A guarantee for employment presupposes that the money to be paid for the work provided is also guaranteed.
There is indeed much in today’s India that worries me. I, however, believe that there is one achievement that stands out and of which we can feel singularly proud and that is the Mahatma Gandhi National Rural Employment Guarantee Act (MGNREGA). It is a remarkable intervention, a landmark, the first in the history of development that guarantees work to anyone who asks for it. It is rightly hailed the world over as one of the finest programmes for the rural poor.
Although it was the first UPA government that introduced the programme in 2006, the present NDA government has been quick to own it, despite some initial hiccups. I find it surprising, and also quite intriguing, therefore, that the government, through the Ministry of Rural Development, has not released funds to the states for MGNREGA in the time frame and amounts as required under the scheme and law.
A guarantee for employment presupposes that the money to be paid for the work provided is also guaranteed, not in the budget papers alone but as funds available to the gram panchayat where the muster rolls (which record the daily attendance) are maintained. In recent years, both the budgets and the releases have been extremely inadequate for the scheme to function as it should.
Adequate and timely fund releases are a prerequisite for the implementation of the programme, a prerequisite so elementary that it does not require to be stated. As a former financial advisor in the Ministry of Rural Development and a former director general of the National Institute of Rural Development (which has on occasion been a think tank for the ministry), I am dismayed, aghast in fact, that there is no money for the employment guarantee because the government of India has not released funds!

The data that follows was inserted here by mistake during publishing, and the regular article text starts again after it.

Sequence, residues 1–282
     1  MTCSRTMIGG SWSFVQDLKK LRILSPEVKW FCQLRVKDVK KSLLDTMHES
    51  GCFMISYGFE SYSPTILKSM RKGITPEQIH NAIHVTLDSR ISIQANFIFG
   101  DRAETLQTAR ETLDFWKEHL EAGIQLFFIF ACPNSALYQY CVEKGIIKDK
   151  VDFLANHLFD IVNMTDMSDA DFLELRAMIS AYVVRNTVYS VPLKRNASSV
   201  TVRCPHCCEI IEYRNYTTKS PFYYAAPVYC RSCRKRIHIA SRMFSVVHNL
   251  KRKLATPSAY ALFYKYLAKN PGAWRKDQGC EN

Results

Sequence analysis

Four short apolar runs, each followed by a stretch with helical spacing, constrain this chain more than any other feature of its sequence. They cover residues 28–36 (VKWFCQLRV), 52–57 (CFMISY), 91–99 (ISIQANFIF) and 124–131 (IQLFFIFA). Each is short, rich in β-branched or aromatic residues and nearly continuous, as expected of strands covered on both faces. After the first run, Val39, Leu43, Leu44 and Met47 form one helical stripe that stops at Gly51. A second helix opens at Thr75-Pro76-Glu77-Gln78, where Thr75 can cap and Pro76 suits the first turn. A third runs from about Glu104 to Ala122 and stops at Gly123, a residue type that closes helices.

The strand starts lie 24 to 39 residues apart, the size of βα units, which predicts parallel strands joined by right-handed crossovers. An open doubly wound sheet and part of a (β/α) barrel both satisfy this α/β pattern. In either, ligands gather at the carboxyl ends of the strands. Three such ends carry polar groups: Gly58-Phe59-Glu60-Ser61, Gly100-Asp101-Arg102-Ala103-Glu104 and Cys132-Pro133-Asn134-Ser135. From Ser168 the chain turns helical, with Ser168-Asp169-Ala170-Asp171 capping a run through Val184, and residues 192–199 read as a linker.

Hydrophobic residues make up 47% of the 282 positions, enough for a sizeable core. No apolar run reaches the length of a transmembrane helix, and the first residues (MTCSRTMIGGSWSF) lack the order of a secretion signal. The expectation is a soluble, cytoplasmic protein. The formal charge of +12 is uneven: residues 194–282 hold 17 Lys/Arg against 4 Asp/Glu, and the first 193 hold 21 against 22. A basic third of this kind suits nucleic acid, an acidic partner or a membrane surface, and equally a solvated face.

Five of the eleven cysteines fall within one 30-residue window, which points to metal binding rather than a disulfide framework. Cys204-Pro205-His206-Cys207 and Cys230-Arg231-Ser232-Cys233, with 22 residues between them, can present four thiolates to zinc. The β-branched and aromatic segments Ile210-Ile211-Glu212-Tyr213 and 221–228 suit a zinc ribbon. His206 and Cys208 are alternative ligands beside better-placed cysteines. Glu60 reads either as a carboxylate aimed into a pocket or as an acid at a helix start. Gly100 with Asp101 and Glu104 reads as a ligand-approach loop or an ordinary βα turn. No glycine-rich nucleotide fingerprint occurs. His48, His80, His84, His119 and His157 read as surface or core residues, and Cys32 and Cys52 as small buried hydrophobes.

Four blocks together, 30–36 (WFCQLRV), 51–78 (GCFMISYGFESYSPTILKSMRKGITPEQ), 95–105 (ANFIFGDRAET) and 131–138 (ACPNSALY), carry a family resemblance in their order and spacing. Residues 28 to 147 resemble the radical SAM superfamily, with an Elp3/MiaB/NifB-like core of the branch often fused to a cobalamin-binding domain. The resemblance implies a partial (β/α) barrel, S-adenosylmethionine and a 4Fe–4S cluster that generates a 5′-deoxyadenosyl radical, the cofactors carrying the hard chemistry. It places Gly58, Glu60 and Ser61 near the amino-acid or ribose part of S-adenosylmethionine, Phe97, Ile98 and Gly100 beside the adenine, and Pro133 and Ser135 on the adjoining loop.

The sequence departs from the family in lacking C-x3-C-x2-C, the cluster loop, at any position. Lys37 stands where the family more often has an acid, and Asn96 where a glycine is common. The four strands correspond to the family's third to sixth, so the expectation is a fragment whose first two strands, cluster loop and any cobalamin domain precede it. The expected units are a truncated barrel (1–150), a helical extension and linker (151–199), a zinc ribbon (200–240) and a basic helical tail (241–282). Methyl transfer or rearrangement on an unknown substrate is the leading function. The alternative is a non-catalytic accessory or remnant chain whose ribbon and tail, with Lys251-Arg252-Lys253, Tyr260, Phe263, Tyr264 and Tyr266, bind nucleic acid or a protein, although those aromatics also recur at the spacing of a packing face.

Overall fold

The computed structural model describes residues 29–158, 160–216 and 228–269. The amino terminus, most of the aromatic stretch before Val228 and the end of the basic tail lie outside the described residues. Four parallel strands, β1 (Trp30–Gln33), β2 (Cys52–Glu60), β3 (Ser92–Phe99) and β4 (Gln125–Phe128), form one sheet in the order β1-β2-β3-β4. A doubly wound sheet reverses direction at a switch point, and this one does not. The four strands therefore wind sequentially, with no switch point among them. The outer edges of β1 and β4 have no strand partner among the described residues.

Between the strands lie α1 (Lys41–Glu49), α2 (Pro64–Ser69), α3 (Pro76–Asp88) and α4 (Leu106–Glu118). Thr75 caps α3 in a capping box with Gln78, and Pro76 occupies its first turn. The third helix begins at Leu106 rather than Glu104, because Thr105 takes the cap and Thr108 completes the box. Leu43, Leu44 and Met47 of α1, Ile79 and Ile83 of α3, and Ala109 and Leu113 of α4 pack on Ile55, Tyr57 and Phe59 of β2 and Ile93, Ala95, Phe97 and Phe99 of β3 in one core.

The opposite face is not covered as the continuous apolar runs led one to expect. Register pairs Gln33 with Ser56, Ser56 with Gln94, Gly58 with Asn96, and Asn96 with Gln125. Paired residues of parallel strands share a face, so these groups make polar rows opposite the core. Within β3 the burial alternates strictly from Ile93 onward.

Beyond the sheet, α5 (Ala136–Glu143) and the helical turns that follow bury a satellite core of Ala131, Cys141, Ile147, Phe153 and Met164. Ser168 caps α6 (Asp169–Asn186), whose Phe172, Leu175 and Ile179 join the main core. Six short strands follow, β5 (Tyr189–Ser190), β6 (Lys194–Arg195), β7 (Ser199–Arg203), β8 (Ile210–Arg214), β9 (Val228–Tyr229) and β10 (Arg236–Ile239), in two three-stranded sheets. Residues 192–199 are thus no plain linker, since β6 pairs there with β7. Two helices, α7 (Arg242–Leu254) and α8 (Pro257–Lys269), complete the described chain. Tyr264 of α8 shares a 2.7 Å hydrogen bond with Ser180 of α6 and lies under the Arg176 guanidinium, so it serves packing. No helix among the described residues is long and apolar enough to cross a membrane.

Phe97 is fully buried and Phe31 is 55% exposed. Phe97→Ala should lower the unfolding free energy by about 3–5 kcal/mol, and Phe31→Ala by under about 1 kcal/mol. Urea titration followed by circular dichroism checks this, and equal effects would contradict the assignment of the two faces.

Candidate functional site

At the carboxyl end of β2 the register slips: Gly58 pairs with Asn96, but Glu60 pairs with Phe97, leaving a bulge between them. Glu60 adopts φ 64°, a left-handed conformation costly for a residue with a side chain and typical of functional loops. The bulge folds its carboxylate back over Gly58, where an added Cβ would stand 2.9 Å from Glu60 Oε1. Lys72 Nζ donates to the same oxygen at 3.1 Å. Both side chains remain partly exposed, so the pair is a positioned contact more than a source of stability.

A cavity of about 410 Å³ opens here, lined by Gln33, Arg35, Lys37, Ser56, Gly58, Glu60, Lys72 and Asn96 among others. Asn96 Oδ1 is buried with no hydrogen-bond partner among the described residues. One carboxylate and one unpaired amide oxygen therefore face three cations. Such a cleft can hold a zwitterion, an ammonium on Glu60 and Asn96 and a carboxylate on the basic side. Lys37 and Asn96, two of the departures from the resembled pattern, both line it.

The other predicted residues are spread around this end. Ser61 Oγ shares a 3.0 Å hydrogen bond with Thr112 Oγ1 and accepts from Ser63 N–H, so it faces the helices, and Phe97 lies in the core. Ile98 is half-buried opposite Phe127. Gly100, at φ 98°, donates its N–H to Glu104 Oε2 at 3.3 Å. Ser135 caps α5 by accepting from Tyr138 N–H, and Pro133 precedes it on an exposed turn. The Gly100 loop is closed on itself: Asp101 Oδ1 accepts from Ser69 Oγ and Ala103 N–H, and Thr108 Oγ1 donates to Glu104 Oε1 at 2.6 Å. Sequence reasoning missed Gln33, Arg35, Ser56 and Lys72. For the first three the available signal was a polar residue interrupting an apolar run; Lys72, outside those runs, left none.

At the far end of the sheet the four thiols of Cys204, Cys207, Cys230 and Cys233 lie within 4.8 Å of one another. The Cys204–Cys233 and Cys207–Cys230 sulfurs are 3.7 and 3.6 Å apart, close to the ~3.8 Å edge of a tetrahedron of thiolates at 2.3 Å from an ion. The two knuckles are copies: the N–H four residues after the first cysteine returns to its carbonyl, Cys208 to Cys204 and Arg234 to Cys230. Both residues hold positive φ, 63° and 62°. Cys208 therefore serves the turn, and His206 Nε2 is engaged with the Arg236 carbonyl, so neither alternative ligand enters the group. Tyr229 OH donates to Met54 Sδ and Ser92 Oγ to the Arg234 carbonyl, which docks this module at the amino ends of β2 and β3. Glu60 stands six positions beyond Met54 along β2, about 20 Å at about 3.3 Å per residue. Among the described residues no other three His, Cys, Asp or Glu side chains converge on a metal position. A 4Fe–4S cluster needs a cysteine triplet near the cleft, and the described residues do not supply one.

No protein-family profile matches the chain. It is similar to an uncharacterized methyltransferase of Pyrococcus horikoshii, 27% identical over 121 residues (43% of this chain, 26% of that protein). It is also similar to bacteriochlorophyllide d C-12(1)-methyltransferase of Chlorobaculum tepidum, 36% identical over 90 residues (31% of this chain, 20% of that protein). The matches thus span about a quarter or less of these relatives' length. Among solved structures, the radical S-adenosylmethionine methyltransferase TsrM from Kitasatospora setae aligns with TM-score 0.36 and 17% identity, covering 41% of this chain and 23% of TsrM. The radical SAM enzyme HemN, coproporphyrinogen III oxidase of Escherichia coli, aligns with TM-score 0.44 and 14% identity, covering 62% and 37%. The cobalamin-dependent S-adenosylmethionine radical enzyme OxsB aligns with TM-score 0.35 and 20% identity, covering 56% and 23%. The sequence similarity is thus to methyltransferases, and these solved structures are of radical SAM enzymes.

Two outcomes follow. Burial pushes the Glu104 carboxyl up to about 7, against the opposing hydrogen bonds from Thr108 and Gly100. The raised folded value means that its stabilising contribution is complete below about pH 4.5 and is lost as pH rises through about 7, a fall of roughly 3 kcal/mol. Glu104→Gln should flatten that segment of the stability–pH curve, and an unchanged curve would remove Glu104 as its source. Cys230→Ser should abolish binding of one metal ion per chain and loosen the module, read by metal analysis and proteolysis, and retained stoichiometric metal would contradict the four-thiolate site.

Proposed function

Newspapers and news channels report that the Supreme Court has also expressed displeasure and that it was only after adverse comments from the court that 12,230 crore rupees were released to the states on April 9, 2016. Somehow these reports do not mention that this entire release will go in paying the pending bills. This means, in effect, the states will continue to have no money to take up any work this year. Even the mandarins in the Ministry of Finance are aware that the months from April to June are critical, especially for the landless labour work-force, for this is the time when the demand for work peaks in the villages.
It is an affront to the very notion of an employment guarantee, that the coffers should be empty in April in a drought year, and there should be no funds available to meet the cost of wages under MGNREGA. Worse, this is contempt of the parliament that has guaranteed the employment through a statute.
It might be relevant here to recall some of the basic principles that govern the flow of funds from the government to the states. Based on the budget allocation the programme funds are released to the states for every scheme, generally in two instalments. The Ministry of Finance and the financial advisor in the functional ministry have a responsibility for the correct and proper utilisation of funds. Responsibility is also cast on them to ensure that the objectives of the schemes are achieved and that such financial procedures are put in place which enhance the quality of implementation.